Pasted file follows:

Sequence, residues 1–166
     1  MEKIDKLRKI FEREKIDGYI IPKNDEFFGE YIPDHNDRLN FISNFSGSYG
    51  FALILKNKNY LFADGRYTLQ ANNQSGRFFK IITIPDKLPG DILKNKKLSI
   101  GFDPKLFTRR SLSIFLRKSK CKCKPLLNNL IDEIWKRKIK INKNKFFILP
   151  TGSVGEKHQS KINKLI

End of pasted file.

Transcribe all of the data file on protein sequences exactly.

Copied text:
Sequence, residues 1–166
     1  MEKIDKLRKI FEREKIDGYI IPKNDEFFGE YIPDHNDRLN FISNFSGSYG
    51  FALILKNKNY LFADGRYTLQ ANNQSGRFFK IITIPDKLPG DILKNKKLSI
   101  GFDPKLFTRR SLSIFLRKSK CKCKPLLNNL IDEIWKRKIK INKNKFFILP
   151  TGSVGEKHQS KINKLI